Jung’s psychology is not suited to the work of forming conscious groups.

Dear Judith,

First of all, I appreciate your joining me where you could find similarity. Besides simply feeling good, it is my understanding that joining on similarity helps create group consciousness. One of the theoretical perspectives that I draw from asserts that group consciousness or “group mind” develops as groups discern and integrate differences (Agazarian and Gantt, 2007). And, the approach or technique used by practitioners following this perspective, called “functional subgrouping,” has us joining on similarities prior to the sussing out of differences. This approach supports the integration of differences in the name of learning to attend to the life of a group, which paradoxically supports each individual’s destiny, that is, their path of individuation. So, in the midst of what are clearly significant differences between us, I appreciate your effort to join me.

Your description of the privileging of individuation echoes my own and also has been written about by San Francisco Jungian Arthur Coleman in his book. Up from scapegoating: awakening consciousness in groups (1995). I am hoping that this subject could receive greater attention within the Jungian communities. The type of research that could come out of such focus could help the general confusion around what it means to be in a group, how to care for group identity and how, in turn, individuals are themselves cared for, not submerged, but supported to find their own talent, creativity, and capacity to contribute to the Commons. Your further description of your experiences as an organizer and negotiator sounds like a good story or, the fertile ground of many stories.

I follow your distinction between community and individual freedom and I’m familiar with authors you listed. They are part of my formative experience as well. Yet, perhaps I have misrepresented myself, I see no sacrifice of individual freedom in my focus on group or community. In fact, I see reciprocity. Now I recognize that’s easy to say; the actual work of integrating these is a profound mystery and challenge, one that our communities continue to make a significant contribution, though more is needed.

I also think that the distinctions between our national identities, and the multiple other identifications that form us, warrant attention and are quite interesting. Jung’s typology is a wonderfully rich initial effort to use psychology to account for difference in the name of supporting the emergence of a shared story and the capacity to work together. However, as we have since seen, this project is either doomed or more difficult than any of us have imagined, I believe the latter.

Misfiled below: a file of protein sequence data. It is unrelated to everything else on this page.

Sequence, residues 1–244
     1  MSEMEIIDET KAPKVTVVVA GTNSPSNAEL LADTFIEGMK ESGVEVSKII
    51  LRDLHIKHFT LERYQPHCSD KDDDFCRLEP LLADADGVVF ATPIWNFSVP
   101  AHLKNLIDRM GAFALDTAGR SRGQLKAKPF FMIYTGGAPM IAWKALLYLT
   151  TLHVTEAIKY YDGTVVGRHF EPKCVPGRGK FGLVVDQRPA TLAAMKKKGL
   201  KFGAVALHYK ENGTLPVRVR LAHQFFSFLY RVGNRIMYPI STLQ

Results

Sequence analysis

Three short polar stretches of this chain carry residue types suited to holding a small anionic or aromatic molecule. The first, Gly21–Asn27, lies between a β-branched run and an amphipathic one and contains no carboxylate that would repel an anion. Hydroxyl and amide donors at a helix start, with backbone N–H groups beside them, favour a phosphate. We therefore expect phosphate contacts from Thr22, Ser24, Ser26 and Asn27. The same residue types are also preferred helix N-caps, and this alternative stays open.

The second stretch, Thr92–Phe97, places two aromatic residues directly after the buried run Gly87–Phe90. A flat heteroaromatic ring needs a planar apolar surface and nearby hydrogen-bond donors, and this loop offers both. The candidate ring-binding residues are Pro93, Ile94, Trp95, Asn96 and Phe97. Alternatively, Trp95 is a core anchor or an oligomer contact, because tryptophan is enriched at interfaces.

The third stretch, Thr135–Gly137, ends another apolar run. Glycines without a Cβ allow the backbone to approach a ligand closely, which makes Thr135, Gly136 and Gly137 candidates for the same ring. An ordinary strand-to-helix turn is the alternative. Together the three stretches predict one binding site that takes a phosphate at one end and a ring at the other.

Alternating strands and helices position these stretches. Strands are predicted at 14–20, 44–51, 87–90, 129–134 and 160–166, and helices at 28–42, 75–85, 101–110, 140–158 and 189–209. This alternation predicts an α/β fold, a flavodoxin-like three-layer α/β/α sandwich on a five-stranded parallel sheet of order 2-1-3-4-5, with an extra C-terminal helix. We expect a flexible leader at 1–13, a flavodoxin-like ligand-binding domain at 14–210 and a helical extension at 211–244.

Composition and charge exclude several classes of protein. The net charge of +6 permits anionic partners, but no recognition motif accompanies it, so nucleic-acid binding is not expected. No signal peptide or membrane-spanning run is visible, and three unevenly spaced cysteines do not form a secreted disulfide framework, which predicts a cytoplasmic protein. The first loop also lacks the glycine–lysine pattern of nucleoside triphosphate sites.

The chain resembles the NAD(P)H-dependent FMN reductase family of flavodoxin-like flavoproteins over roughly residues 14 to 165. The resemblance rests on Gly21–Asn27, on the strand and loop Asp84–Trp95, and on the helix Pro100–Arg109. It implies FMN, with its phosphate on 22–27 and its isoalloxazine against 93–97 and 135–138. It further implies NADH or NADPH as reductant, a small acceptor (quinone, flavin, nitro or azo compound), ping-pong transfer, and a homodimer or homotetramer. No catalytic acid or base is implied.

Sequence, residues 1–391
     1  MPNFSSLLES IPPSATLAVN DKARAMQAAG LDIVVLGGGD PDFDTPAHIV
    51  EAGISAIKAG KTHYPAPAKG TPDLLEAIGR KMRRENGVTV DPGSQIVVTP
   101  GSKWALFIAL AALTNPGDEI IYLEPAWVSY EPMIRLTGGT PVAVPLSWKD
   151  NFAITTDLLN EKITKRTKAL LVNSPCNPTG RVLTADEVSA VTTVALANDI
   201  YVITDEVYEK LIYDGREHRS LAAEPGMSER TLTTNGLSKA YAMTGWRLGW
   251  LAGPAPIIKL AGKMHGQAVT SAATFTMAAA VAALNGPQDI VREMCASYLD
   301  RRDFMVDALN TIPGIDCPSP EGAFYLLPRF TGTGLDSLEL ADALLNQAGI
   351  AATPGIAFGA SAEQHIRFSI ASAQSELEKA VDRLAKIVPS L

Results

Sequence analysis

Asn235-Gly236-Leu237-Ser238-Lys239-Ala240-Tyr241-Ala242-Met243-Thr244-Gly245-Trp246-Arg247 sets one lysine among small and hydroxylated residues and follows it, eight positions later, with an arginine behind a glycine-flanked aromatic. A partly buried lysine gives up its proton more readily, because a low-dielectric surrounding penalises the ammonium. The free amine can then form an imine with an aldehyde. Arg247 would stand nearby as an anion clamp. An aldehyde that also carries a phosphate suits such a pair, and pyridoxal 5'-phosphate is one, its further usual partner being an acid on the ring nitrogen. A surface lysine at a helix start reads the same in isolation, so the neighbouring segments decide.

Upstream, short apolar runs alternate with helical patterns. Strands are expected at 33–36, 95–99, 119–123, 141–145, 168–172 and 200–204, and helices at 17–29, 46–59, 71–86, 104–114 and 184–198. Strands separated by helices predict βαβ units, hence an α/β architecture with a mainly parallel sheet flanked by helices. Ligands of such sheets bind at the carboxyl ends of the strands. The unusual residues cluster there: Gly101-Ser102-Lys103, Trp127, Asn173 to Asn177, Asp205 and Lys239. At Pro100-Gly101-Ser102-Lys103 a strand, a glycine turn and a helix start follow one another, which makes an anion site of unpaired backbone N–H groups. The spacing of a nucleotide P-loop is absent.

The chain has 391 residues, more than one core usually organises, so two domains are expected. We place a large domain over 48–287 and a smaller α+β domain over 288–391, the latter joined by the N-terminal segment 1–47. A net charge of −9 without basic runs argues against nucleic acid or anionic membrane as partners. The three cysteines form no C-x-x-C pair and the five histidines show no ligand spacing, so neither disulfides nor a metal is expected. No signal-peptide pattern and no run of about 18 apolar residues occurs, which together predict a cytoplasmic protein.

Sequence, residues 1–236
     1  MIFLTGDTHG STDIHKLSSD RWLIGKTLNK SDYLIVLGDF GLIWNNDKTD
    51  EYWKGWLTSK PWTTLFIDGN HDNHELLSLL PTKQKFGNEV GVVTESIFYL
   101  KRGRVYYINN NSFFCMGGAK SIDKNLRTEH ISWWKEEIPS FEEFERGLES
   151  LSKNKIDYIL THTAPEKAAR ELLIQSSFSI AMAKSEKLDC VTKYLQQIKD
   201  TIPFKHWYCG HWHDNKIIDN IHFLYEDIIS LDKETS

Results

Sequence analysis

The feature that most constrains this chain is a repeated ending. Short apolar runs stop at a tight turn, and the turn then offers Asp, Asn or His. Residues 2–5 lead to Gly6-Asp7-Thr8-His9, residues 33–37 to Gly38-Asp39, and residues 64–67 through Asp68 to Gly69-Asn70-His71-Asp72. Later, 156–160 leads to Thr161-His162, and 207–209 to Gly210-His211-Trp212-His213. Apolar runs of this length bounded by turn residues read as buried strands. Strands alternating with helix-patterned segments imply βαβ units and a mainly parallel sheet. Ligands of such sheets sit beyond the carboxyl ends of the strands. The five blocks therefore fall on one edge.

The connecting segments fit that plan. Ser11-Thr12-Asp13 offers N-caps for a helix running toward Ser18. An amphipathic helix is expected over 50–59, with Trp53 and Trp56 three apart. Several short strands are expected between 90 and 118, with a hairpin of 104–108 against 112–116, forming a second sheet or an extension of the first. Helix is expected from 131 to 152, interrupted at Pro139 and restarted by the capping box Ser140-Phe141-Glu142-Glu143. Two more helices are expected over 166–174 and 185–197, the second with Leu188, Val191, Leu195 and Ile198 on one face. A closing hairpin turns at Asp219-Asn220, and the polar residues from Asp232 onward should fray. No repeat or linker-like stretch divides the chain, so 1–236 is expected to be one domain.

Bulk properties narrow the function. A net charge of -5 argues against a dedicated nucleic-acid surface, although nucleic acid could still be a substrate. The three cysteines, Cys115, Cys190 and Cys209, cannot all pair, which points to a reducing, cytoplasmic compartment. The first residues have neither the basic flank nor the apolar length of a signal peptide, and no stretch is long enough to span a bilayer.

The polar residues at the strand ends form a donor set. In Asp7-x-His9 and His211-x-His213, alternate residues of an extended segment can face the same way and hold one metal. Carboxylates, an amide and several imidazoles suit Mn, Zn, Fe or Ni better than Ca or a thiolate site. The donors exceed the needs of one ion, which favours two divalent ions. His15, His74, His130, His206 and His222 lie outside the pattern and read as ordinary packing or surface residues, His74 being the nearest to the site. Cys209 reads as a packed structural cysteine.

I agree with you, in part, that Jung’s psychology is not suited to the work of forming conscious groups. Nevertheless, for whatever reason, that has not stopped me and many others from pursuing this quest anyway. In fact, I think there is an emergent dynamic at work here. And, yes it is beginning primarily with insight; however, the psychological attitude itself is about intervention. At this point there are too many Jungians to list who are actively researching the interface between insight into collective social and political experience along with methods or practices that intervene in such experience. Right now the IAAP is organizing a second conference, in Rome this year, at the interface between Jung and politics. At the first conference in London last December I described a ‘political therapy’ group I’m starting and other presenters shared their work. Many were insight focused and several others were about cutting edge research for intervening in the sociopolitical ills of our time. So, the-times-they-may-be-a-changing and we may be able to keeping up.

One of the dilemmas may be our defused concept of “collective.” In a resent post on the discussion listserve for this IAAP political group, Stefano Carta (who is one of the organizers for the Rome conference) questioned our use of that concept, suggesting that we limit our analysis through its use. We allow ourselves to use an undifferentiated concept in a manner that keeps it vague and foreboding.

I’m not quite sure what you are objecting to my distinction between thought and feeling. I recognize that Jung found both to be rational, which I find very helpful idea fitting with multiple sources of research over the last 50 years into the nature of affect and emotion and their psychopolitical function. I write extensively about this subject in my book and several subsequent papers, which I’d be happy to share.

Warm regards,

Peter Dunalp

PS. about “what astonishing innocence.” This statement brought immediate laughter and left me with a sense of a warm connectedness to you and with some embarrassment wondering if I’m, again, wearing my heart on my sleeve. I especially liked your wondering if it said more about me or you, maybe one day we will find out. Thanks again.

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